writer: Brenden Fletcher / artist: Annie Wu / DC Comics
I will say this about Black Canary thus far: it feels wholly different than most of DC’s line-up, which is a good thing. Much of that is due to the tonality of given weight by Annie Wu’s terrific art, but also in the story its attempting to tell. This is still a superhero book and Dinah is still prioritized on protecting the innocents first, but backdrop that Dinah of all people is on the run or that she herself is adopting a public persona we’re not accustomed to is unique and fascinating. Issue #1 did some good things as far as set up, but this issue feels very balanced in focusing on the band’s dynmaic and the core thing at stake as far as protecting Ditto and training the band to do just that.
There’s also some nice tidbits here that expand the individual personalities of the band members, which we didn’t see a ton of in the first issue. Whether it’s taking lonely selfies, having surprisingly good marksmanship or marveling at the bravery of dying one’s hair, this book felt more well rounded in its personality by taking a little time to flesh out other characters.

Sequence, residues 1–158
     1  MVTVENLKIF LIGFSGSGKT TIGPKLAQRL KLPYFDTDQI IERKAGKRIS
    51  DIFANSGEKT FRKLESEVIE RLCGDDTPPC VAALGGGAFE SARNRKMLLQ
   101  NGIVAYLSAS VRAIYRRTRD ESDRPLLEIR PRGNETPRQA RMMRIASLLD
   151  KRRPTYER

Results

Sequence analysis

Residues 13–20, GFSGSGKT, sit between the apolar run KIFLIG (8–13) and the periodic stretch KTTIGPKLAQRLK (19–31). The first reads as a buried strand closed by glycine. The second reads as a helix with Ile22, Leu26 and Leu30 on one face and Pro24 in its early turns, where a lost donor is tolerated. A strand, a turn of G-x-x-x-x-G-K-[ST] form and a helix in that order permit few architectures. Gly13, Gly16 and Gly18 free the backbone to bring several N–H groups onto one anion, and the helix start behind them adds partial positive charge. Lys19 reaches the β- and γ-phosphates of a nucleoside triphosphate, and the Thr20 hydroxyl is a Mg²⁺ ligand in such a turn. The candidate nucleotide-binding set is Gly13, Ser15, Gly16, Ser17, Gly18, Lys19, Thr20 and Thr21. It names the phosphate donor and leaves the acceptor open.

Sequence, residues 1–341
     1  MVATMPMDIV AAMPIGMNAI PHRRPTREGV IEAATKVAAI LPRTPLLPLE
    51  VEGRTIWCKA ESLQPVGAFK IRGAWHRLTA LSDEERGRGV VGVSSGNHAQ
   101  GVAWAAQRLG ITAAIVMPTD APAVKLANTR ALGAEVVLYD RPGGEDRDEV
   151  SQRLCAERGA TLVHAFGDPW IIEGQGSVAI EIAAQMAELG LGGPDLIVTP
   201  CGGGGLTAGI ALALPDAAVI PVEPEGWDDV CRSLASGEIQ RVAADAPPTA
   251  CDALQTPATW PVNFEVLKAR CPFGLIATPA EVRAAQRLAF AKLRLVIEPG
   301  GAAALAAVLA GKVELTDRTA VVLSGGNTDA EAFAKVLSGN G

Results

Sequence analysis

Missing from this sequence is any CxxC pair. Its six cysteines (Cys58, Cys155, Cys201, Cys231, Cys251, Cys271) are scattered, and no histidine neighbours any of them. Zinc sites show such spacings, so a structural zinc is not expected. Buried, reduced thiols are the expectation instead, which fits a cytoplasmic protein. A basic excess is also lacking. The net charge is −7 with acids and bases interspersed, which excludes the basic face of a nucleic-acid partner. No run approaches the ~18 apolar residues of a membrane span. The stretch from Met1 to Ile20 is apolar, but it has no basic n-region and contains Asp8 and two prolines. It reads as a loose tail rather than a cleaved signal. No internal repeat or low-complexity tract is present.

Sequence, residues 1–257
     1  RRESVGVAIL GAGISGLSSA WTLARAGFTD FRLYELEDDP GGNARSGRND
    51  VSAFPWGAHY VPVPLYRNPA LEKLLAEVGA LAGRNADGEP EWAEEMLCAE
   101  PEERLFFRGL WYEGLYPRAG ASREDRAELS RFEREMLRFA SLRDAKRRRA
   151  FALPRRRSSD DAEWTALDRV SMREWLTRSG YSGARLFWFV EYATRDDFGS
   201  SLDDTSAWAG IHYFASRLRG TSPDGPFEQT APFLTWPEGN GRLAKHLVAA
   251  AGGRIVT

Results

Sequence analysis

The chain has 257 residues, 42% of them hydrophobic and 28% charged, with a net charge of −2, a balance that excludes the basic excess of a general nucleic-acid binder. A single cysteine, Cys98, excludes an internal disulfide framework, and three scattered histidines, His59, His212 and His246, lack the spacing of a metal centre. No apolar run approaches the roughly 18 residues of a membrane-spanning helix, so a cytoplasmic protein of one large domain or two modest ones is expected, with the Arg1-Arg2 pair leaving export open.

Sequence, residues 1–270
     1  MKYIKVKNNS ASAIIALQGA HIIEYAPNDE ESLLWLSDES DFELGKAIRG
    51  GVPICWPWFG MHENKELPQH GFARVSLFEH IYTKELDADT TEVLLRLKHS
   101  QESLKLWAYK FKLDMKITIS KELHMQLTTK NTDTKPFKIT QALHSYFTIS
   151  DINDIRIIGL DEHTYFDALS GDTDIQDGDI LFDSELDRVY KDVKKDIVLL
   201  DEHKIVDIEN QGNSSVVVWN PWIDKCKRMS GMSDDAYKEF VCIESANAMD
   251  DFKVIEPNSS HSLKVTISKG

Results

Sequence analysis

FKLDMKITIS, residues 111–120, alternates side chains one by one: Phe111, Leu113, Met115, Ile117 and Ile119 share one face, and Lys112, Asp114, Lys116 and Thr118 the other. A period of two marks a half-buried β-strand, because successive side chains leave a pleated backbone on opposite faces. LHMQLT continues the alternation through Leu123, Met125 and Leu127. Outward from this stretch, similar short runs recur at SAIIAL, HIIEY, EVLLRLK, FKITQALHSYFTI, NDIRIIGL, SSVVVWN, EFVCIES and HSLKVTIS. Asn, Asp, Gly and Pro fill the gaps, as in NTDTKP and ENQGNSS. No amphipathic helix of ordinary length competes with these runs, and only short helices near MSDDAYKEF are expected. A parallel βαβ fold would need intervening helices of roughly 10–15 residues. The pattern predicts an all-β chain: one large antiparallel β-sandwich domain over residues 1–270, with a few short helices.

What lies at the heart of this book is the question, “what exactly is Dinah’s story?” and how it unfolds. The last page gives some indicator that this isn’t a Black Canary story that we’re used to while adding a lot of intrigue moving forward.
Black Canary remains interesting and gains some traction by focusing some on the supporting characters. So far, Fletcher is saying a lot by not saying much about Dinah’s back story that brought her to this point in the story, but how that gets revealed will decide the quality of the storytelling in this book. And also, Annie Wu is great. But you knew that already.